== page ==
The Immigration Problem We’re Not Talking About
Policy + Politics

The Immigration Problem We’re Not Talking About

REUTERS/Joshua Lott

One of the biggest factors driving the surge of unaccompanied children making the dangerous journey from Central America to the United States’ Southern border has been the incorrect impression that, once they arrive, they will be allowed to stay. Unfortunately, by vastly understaffing the country’s immigration courts, the U.S. government has made that myth appear to be reality.

Imagine this. What if the first wave of children in this migration of tens of thousands had been deported back to Honduras, El Salvador, or Guatemala a few months after they left home in the first place? It seems likely that word would have got around that, contrary to rumor, the United States was not providing blanket amnesty to children.

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In fact, according to the Economic Policy Institute in Washington, the vast majority of unaccompanied children crossing the border are designated for deportation once they come before a judge. The problem is that wait time for a hearing in immigration court is measured not in weeks or months, but in years.

According to Syracuse University’s Transactional Records Access Clearinghouse (TRAC), there was a backlog of 375,503 cases in the immigration court system as of the end of June. That’s more than twice the number of pending cases in 2008. It also translates into an average wait time, according to TRAC, of 587 days for an initial hearing, with wait times in some jurisdictions averaging much longer.

In Omaha, for instance, the average case takes 839 days to get in front of a judge. In Los Angeles, it’s 820, and in Phoenix it’s 808. And these are just averages. Immigration activists report some children waiting three to five years for a hearing. Worse yet, in some cases, the initial hearing is only part of the process; some drag on for years even after they first come before a judge.

Part of the reason is that the federal immigration court system is gravely understaffed when considering the magnitude of the task in front of it. There are currently about 243 immigration judges, or one to every 1,545 pending cases.

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This means that families in Central America who send their children north can report to friends and neighbors that those kids are in the United States and aren’t coming back anytime soon, creating an incentive for other parents to send their children on the perilous trip.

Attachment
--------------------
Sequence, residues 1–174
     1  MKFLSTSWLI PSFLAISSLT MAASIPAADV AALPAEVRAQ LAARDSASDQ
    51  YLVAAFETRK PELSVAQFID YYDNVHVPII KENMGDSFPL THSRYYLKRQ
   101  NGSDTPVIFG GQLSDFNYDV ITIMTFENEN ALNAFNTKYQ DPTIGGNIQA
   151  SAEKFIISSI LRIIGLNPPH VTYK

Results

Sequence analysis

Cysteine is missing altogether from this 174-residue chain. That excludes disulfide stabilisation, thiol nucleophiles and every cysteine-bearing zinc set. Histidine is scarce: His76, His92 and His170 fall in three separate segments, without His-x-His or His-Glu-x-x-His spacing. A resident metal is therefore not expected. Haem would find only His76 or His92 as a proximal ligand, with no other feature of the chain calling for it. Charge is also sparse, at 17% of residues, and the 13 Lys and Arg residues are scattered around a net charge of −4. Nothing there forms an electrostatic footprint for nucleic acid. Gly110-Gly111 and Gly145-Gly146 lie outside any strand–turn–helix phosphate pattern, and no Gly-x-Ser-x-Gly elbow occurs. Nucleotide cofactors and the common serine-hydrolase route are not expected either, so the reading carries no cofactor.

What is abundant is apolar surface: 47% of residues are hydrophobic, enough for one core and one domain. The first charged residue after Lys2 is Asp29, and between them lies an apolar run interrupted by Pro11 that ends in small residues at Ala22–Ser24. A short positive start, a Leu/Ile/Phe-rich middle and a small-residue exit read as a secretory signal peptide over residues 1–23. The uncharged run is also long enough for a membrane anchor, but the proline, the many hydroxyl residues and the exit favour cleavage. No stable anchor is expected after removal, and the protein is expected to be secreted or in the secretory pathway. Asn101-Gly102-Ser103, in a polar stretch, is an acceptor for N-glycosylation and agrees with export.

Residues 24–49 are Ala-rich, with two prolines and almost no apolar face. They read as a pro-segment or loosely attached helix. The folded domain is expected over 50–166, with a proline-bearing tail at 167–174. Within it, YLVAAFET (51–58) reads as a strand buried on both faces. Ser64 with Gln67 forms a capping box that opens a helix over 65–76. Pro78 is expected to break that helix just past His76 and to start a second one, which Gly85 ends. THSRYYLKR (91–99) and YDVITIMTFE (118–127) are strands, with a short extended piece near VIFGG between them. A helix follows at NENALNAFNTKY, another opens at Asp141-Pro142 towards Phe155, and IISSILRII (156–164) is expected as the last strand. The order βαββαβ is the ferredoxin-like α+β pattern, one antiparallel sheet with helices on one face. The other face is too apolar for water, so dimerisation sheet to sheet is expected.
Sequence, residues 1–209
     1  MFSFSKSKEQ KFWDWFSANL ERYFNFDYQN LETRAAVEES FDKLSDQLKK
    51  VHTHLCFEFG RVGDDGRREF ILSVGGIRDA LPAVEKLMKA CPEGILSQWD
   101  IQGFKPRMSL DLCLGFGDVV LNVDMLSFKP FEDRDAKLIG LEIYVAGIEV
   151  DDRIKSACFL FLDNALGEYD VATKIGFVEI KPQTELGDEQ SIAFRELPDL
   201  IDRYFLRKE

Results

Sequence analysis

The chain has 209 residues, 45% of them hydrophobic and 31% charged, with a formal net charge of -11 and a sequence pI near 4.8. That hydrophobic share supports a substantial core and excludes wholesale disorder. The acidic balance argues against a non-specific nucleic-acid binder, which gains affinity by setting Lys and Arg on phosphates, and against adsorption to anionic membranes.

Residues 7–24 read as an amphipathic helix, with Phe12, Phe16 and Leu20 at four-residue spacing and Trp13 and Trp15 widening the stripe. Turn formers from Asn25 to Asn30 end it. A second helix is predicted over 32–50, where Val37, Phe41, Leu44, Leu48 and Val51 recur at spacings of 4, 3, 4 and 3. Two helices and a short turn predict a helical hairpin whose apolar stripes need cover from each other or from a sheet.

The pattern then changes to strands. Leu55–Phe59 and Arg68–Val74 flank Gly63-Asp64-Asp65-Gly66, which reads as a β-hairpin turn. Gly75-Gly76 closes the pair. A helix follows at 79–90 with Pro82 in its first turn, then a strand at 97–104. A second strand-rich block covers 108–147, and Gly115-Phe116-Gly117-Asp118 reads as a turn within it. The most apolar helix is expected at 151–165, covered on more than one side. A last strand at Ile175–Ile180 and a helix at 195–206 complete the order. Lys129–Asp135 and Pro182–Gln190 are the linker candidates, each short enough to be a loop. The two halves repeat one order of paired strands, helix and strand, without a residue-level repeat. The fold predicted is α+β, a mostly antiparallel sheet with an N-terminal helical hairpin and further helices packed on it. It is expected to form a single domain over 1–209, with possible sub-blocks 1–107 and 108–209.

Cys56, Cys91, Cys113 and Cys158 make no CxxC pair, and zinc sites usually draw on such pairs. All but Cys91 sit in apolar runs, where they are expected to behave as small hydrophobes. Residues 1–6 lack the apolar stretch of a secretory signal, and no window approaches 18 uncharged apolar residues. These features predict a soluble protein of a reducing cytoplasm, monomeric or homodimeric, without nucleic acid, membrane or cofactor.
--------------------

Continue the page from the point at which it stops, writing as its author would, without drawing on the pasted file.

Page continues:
The worst part about this is that it was a completely predictable and avoidable problem.

There is a growing call among those most concerned about the influx of illegal immigrants to amend the William Wilberforce Trafficking Victims Protection Reauthorization Act of 2008, which many blame for the current crisis on the Southern border. Originally passed in 2000, and meant to protect the victims of human trafficking from being returned to dangerous circumstances, the law barred the immediate deportation of children who enter the US illegally, and who are not from Mexico or Canada. The immigration caseload, flat or declining in the years immediately before 2000, has been on a nearly uninterrupted rise ever since.

But all the law guarantees is a hearing – not amnesty. And the passage of a law promising a hearing to a large segment of illegal immigrants who would not otherwise be entitled to one ensured an increased workload for the immigration court system – a promise the U.S. government largely ignored.

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“It’s sort of ironic the one part of the immigration system that is underfunded is the one that provides due process to immigrants,” said Daniel Costa, Director of Immigration Law and Policy Research for the Economic Policy Institute in Washington. In recent years, he said, funding for immigration enforcement operations increased 300 percent – that’s the part of the system charged with apprehending illegal immigrants and bringing them before a judge. Over the same time frame, said Costa, the funding for the courts rose only 70 percent.

“If there wasn’t an immigration court crisis, there wouldn’t really be a border crisis,” said Costa. “The crisis is that we can’t provide everybody with a hearing. If they were being processed in an orderly fashion – if their cases were being processed in 60, 90, or 100 days, I don’t know if people would be making so much noise about it.”

President Obama’s $4 billion proposal to address the crisis on the border would allow for the hiring of a few dozen judges. A more expansive proposal being pushed by Sen. Barbara Mikulski would provide for substantially more. Given the backlog, though, there’s no likelihood, in the near term, of changing the impression many potential illegal immigrants have that, simply by crossing the border, they will get to stay in the U.S. indefinitely.

Reducing the backlog is going to take years – even with additional funding, said Costa. “Even if you to double or triple the immigration judges you aren’t going to do it overnight.”

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